I had hit the point of saying aghast, "I can't believe we've been sitting in the living room this entire time WITH a snake close to us!"
Deputy Dave swept the snake into the deep dustpan and high-tailed it to the front yard for release. Turns out, it was a grass snake. A healthy grass snake. Still, it's a snake and I don't like them in my house. Obviously, Howdy grasped the snake in his jaws just enough to pick it up, but not kill it. The snake appeared unharmed.
By the way, this is the second episode we've had with a snake in our house and I'll have to tell about the first experience on another day. It was beyond creepy.
I wondered for a moment...How many critters will intrude into our house once we're in the country?
Another question I pondered was the one with Howdy. It was obvious that he is definitely on-task with picking up verbal ques and body language to pounce upon the danger at hand, without hesitation. He is ready to defend, to rescue, or to come to our aid. The problem is...I've got to teach him to not rush to attack a snake or other animal that he perceives as a threat to the ones he loves. He is so in tune with our body language and tone of voice that it takes little to bring him to heightened attention.
I initially felt great concern as Howdy dropped the snake from his jaws because the motion caused him to fling a huge line of slobber across the room, as if his saliva glands went into high production. It did not seem to be an appealing moment for him, but he stood over the snake, watching it slither across the tile, and I could tell that this dog was determined to stop that snake. He then lunged forward with his huge claws to attempt to stop the snake from moving, he will pin things to the ground with his paws or with his entire body, so I had to again tell him to stop. But, he kept his body aligned with the snake as it wiggled on the tile for cover.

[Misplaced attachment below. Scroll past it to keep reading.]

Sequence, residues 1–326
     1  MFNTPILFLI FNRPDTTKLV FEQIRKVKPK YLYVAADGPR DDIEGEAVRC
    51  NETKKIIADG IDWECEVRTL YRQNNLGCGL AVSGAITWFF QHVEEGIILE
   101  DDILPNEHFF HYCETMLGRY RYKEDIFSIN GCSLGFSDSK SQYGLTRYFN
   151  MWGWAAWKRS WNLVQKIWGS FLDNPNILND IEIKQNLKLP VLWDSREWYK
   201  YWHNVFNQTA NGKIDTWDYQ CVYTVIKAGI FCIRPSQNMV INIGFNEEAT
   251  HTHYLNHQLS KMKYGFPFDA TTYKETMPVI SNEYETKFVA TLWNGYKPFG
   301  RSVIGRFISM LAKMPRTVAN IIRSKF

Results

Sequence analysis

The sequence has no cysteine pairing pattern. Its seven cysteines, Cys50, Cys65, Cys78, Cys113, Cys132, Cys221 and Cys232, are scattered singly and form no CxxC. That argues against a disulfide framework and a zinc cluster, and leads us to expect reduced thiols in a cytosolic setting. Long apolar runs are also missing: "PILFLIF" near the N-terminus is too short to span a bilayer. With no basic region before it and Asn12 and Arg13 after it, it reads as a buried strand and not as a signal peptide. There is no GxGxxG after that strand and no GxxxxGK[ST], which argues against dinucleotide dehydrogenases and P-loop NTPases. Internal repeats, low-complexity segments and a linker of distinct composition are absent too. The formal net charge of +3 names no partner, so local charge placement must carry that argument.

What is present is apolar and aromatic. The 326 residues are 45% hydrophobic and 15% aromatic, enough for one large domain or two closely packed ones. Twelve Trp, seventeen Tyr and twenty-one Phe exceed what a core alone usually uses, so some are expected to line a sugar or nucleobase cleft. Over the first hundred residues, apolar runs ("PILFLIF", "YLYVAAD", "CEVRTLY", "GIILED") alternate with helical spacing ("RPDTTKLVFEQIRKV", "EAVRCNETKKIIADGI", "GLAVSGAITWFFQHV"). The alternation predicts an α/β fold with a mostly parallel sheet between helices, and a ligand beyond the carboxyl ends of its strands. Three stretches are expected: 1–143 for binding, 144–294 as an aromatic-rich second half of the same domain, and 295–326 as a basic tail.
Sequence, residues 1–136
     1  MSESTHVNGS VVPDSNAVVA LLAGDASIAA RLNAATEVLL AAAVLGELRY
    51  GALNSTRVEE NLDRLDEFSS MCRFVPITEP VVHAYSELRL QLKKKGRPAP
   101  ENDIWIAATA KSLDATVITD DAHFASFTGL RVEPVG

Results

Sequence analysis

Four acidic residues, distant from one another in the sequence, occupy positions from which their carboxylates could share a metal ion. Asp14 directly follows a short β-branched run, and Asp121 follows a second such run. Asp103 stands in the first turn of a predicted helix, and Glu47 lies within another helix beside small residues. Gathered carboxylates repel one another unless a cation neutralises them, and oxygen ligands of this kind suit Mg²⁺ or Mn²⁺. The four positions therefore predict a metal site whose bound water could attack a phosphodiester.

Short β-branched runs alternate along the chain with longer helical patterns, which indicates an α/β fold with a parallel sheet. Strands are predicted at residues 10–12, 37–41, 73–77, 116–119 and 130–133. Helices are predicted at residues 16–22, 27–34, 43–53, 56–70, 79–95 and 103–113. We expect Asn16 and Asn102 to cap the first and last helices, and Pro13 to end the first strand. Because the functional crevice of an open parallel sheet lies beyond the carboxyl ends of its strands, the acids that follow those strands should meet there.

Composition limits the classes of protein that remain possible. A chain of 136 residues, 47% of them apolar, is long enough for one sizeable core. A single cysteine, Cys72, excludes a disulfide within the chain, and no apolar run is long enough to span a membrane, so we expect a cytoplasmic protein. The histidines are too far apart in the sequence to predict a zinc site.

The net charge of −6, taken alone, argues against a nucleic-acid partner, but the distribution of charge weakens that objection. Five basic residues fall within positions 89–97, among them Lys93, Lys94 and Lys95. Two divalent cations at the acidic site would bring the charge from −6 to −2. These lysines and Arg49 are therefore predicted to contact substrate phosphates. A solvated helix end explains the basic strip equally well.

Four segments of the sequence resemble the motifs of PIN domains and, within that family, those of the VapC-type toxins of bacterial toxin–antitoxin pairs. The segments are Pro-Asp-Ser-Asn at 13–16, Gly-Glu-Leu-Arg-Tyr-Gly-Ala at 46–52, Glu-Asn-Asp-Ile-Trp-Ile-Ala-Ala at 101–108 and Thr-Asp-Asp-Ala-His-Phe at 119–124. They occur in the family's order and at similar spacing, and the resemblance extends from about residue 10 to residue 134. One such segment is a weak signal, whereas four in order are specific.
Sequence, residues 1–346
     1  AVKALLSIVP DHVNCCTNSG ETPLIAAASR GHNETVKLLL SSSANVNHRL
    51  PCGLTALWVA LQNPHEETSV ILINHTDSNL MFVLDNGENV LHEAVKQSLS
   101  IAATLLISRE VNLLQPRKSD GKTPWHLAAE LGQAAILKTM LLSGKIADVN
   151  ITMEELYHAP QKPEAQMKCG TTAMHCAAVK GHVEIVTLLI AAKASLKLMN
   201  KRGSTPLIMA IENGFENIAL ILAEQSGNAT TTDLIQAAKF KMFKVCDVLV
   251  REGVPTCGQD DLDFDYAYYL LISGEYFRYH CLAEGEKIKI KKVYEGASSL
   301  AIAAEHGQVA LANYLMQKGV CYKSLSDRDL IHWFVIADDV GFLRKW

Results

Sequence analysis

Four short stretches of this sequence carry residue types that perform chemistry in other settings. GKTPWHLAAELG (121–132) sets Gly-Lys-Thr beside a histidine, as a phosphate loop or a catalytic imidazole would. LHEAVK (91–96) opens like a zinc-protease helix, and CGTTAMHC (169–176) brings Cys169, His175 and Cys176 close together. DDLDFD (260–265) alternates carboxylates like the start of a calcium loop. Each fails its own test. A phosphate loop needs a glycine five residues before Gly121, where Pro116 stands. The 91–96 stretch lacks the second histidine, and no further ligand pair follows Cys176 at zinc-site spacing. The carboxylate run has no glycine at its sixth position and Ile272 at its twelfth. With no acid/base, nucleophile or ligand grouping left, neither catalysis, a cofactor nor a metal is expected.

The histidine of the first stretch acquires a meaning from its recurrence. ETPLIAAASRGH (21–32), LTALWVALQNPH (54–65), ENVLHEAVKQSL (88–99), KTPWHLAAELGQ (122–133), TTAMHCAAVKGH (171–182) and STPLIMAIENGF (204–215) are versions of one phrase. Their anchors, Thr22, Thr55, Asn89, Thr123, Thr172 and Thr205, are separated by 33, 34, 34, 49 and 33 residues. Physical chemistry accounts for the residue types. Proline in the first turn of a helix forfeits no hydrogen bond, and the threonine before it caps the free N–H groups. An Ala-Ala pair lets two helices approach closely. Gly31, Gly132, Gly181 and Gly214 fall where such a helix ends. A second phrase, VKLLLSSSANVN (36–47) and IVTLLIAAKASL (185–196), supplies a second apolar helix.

We were all relieved once Deputy Dave quickly scooped up the snake and escorted it out of the house.
The most funny moment of all was when Stefie realized that her fingers were within two inches of picking of the "worm." That girl has no fear at times because she was raised fishing, and she played with worms enthusiastically. She spent much of her life in the country.
If she stops to think about what she's doing, she'll be less inclined to approach the creepy crawler, but her auto-pilot is driven toward being unafraid of nature. These days, her lack of excitement toward country life has to do with wanting the luxuries of a real house. Since she was a child, we've been going to our acreage and she savored the exploration and fun that being on raw land offers; however, at her age of 21 today, she savors a fully working bathroom, air-conditioning and a stocked kitchen with a microwave.
Regardless of the little luxuries on our acreage, I believe she will still gravitate toward the worms. I hope she doesn't ever lose that side to her. Worms should never cease to be intriguing. The child in all of us should continue to be magnetized toward nature.
Nature holds me captive. I surrender.